“Bountiful rains during the monsoon season have boosted the prospects in the ensuing rabi season. Higher acreage is reported due to increase in the MSP (minimum support price). Farmers prefer wheat over other rabi crops in irrigated areas because of assured return. Second, prolonged cold waves and winter rainfall in states that are key contributors in wheat have improved the yield,” said Siraj Chaudhry, managing director at NCML.
The government in October 2019 had announced an Rs 85 increase in wheat’s MSP to Rs 1,925 a quintal for the rabi season. This helped the sown area under wheat to 29.7 million hectares, from 26.27 mn ha last year.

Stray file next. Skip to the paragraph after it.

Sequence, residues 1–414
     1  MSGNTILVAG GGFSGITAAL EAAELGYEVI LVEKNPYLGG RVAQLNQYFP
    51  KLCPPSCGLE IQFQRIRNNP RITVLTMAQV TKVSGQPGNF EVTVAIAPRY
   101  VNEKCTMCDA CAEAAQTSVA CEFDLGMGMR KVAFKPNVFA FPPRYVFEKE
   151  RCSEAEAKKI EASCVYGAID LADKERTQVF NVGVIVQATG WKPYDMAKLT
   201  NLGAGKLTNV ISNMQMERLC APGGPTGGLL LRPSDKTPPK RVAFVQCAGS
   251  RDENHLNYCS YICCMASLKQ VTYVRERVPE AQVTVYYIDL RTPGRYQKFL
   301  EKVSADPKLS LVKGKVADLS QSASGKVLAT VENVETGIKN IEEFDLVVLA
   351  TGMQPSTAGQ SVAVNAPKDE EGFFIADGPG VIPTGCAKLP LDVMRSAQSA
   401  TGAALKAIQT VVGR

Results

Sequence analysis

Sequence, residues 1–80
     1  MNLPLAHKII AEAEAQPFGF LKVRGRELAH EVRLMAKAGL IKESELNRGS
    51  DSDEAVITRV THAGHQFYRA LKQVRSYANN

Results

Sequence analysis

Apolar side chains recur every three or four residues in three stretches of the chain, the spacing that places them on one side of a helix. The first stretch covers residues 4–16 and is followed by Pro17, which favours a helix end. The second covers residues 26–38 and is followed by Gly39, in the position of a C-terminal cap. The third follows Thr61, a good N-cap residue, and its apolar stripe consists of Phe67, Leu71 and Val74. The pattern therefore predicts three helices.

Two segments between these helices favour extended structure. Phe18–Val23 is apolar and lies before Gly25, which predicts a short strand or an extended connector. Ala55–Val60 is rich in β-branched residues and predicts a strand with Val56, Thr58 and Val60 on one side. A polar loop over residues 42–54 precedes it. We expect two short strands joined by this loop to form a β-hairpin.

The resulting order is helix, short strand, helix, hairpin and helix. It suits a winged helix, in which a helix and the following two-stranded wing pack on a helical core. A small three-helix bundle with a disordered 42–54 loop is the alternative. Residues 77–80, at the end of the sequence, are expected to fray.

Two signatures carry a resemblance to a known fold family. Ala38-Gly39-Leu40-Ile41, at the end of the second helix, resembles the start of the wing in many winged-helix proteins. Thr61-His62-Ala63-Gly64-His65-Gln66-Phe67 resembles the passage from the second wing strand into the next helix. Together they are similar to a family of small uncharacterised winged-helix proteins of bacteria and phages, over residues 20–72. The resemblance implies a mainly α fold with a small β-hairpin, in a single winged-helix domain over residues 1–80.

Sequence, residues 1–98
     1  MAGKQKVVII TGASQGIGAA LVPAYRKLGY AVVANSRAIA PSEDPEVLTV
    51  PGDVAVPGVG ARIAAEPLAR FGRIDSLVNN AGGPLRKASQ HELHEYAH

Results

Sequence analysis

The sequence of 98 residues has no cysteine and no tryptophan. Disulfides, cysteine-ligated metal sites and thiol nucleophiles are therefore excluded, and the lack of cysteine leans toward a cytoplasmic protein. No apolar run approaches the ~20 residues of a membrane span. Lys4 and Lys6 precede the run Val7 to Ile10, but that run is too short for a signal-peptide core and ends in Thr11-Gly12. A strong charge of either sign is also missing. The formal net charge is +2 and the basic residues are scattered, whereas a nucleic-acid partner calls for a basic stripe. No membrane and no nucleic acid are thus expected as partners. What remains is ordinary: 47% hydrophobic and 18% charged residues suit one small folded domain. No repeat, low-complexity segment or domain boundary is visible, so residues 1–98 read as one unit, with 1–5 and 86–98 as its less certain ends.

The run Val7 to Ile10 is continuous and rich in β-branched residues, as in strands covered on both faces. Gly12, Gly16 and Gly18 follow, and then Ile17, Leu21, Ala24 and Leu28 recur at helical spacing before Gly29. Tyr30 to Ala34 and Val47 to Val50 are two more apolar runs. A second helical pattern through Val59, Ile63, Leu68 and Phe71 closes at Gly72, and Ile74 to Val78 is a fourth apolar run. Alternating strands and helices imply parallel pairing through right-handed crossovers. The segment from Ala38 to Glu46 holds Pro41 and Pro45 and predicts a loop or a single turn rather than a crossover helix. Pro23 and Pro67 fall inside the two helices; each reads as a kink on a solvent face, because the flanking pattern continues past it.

“The record output is set to create storage problems for the government. Prices are likely to remain under pressure,” said Ajay Kedia, managing director, Kedia Commodity. Wheat is down seven per cent this month in the spot market, at Rs 2,166 a quintal. Naveen Mathur, director (commodity and currency) at Anand Rathi Shares and Stockbrokers, believes the record output might mean a price off Rs 1,900 a qtk in the medium term, marginally below the MSP.
To create space for the new crop, government-owned Food Corporation of India is selling at Rs 2,135 a qtl now as against Rs 2,245 earlier fixed for this quarter. Informed sources said the total cost of wheat procurement worked out to Rs 2,505 a qtl for FCI, making it a nearly 15 per cent discount sale. Wheat inventory at FCI’s godowns is around 33 mt; the buffer stock requirement is 10.7 mt.